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Wednesday, 9 October 2013

Multilevel pointers in c

A pointer can store the address of another pointer variable.  We need to do multiple dereference operation to get the original value.

Consider the below example,
int num = 100;
int *ptr, **dptr;

                                    addr: 1000
                                |     val: 100    |
                                    name: num

Address of num is 1000
Value of num is 100

Let us assign the address of num to ptr.
ptr = #

                                    addr: 2000
                               |    val: 1000      |
                                    name: ptr

Address of ptr is 2000
Value of ptr is 1000

Let us assign the address of ptr to dptr.
dptr = &ptr;

                                     addr: 3000
                              |       val: 2000    |
                                     name: dptr

Address of dptr is 3000
Value of dptr is 2000

In order to get the original value of num using the pointer dptr, we need to do multiple dereference.

Address of dptr is 3000 and its value is 2000.
*dptr is 1000 - If we dereference dptr(address: 3000), we will get 1000 as resultant value.
**dptr is 10 - If we dereference *dptr(address: 1000), we will get 10 as resultant value.

Here, dptr is the pointer to pointer since it stores the address(reference) of another pointer.

How many levels of indirection is allowed on a single pointer declaration?
Lower threshold is 12(minimum allowed level of indirection) and the upper threshold is implementation specific.

Below program illustrates how to dereference multilevel pointers.

  #include <stdio.h>

  int main() {
        int num = 100;
        int *ptr1, **ptr2, ***ptr3, ****ptr4, *****ptr5;

        /* assigning values to pointers */
        ptr1 = &num;
        ptr2 = &ptr1;
        ptr3 = &ptr2;
        ptr4 = &ptr3;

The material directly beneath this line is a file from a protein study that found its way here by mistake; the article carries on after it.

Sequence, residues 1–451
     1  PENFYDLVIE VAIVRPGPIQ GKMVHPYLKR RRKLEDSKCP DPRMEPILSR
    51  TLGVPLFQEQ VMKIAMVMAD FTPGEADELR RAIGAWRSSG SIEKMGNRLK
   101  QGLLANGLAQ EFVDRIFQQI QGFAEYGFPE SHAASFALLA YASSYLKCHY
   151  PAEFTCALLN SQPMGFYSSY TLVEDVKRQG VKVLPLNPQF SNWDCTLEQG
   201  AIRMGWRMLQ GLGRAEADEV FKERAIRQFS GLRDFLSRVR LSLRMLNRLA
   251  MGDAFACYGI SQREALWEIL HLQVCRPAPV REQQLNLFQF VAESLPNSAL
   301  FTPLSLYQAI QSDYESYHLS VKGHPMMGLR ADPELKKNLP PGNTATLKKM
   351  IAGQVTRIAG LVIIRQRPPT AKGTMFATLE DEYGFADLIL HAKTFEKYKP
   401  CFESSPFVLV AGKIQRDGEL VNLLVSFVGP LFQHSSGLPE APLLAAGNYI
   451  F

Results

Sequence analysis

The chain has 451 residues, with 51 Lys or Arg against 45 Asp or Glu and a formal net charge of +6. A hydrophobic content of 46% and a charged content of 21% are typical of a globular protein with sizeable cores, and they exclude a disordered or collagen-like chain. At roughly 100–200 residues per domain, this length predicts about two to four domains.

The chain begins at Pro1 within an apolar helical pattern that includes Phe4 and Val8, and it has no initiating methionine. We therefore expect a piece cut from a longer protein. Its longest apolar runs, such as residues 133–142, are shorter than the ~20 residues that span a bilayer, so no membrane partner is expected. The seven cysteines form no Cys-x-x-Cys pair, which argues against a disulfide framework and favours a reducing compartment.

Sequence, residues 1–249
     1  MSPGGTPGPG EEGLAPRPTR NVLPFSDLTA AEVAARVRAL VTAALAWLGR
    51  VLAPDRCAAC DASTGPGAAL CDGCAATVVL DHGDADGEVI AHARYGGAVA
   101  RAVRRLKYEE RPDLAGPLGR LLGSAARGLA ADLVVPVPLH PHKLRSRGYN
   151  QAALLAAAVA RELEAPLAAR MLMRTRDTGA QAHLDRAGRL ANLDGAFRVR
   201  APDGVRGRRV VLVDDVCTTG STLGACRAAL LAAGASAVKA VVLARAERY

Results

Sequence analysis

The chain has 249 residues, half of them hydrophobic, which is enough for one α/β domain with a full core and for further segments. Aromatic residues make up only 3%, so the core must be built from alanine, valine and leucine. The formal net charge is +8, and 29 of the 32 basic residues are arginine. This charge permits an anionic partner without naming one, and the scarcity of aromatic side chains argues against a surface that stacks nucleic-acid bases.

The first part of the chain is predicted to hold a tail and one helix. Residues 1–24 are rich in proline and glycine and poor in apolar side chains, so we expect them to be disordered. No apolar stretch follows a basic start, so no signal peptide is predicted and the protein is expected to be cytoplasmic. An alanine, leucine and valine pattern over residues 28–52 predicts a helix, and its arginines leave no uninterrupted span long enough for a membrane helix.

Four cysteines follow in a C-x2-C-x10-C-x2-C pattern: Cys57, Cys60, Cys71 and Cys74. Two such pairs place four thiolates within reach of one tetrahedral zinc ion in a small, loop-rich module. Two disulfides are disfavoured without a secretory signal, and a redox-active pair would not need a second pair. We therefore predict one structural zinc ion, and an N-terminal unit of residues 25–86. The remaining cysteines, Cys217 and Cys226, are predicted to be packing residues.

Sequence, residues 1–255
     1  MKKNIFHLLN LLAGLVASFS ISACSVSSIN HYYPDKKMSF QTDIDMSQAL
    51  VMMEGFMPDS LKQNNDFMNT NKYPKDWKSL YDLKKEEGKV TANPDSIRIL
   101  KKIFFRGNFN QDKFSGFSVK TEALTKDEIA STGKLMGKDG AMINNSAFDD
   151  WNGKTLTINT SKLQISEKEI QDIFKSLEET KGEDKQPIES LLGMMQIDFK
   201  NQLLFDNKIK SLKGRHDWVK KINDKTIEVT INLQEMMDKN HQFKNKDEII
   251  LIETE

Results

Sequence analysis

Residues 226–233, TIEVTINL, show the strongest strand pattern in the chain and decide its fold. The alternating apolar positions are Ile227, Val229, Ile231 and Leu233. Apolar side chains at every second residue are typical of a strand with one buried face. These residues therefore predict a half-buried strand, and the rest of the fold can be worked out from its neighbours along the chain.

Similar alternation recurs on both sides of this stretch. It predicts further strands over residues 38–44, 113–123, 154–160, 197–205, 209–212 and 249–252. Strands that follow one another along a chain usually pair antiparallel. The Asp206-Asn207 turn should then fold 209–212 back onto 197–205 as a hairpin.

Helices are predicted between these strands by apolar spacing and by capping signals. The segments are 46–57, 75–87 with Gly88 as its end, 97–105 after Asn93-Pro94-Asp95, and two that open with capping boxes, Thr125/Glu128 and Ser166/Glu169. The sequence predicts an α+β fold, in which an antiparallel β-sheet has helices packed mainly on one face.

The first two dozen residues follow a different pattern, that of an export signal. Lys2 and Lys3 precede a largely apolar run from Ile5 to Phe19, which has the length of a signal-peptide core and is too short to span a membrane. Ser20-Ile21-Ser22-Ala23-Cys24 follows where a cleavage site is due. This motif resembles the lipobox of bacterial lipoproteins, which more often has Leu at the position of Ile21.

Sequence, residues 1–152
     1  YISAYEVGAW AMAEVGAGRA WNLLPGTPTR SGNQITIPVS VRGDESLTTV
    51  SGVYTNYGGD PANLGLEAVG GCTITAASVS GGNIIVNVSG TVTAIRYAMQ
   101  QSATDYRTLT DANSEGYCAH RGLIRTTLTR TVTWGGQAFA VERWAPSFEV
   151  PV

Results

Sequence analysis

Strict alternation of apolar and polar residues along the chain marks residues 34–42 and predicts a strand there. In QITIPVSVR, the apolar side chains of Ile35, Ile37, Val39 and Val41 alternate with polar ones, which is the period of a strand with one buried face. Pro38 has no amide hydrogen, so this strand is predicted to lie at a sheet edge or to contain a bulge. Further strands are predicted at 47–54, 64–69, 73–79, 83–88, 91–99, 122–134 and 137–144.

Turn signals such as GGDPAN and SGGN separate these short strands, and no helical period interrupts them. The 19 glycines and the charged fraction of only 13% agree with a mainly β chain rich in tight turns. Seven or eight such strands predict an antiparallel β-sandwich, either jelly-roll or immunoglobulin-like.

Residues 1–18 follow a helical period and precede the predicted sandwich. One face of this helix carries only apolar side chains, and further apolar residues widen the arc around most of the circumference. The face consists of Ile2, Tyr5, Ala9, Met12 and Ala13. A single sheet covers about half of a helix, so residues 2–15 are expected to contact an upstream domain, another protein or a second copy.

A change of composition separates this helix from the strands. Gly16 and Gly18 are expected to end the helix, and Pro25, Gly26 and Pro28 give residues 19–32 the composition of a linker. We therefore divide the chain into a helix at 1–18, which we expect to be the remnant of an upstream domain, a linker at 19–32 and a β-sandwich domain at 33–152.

ptr5 = &ptr4;

        /* printing the address and value of integer variable num */
        printf("&num: 0x%x\tnum: %d\n", (int)&num, num);

        /* printing the address and values of pointers */
        printf("&ptr1: 0x%x\tptr1: 0x%x\t", (int)&ptr1, (int)ptr1);
        printf("*ptr1    : %d\n", *ptr1);
        printf("&ptr2: 0x%x\tptr2: 0x%x\t", (int)&ptr2, (int)ptr2);
        printf("**ptr2   : %d\n", **ptr2);
        printf("&ptr3: 0x%x\tptr3: 0x%x\t", (int)&ptr3, (int)ptr3);
        printf("***ptr3  : %d\n", ***ptr3);
        printf("&ptr4: 0x%x\tptr4: 0x%x\t", (int)&ptr4, (int)ptr4);
        printf("****ptr4 : %d\n", ****ptr4);

        /* Dereferencing a multilevel pointer */
        printf("\nDereferencing multilevel pointer ptr5 step by step:\n");
        printf("ptr5      : 0x%x\n", (int)ptr5);
        printf("*ptr5     : 0x%x\n", (int)*ptr5);
        printf("**ptr5    : 0x%x\n", (int)**ptr5);
        printf("***ptr5   : 0x%x\n", (int)***ptr5);
        printf("****ptr5  : 0x%x\n", (int)****ptr5);
        printf("*****ptr5 : %d\n", *****ptr5);
        return 0;

  jp@jp-VirtualBox:~/$ ./a.out
  &num: 0xbfe46a0c num: 100
  &ptr1: 0xbfe46a08 ptr1: 0xbfe46a0c *ptr1    : 100
  &ptr2: 0xbfe46a04 ptr2: 0xbfe46a08 **ptr2   : 100
  &ptr3: 0xbfe46a00 ptr3: 0xbfe46a04 ***ptr3  : 100
  &ptr4: 0xbfe469fc ptr4: 0xbfe46a00 ****ptr4 : 100

  Dereferencing multilevel pointer ptr5 step by step:
  ptr5      : 0xbfe469fc
  *ptr5     : 0xbfe46a00
  **ptr5    : 0xbfe46a04
  ***ptr5   : 0xbfe46a08
  ****ptr5  : 0xbfe46a0c
  *****ptr5 : 100

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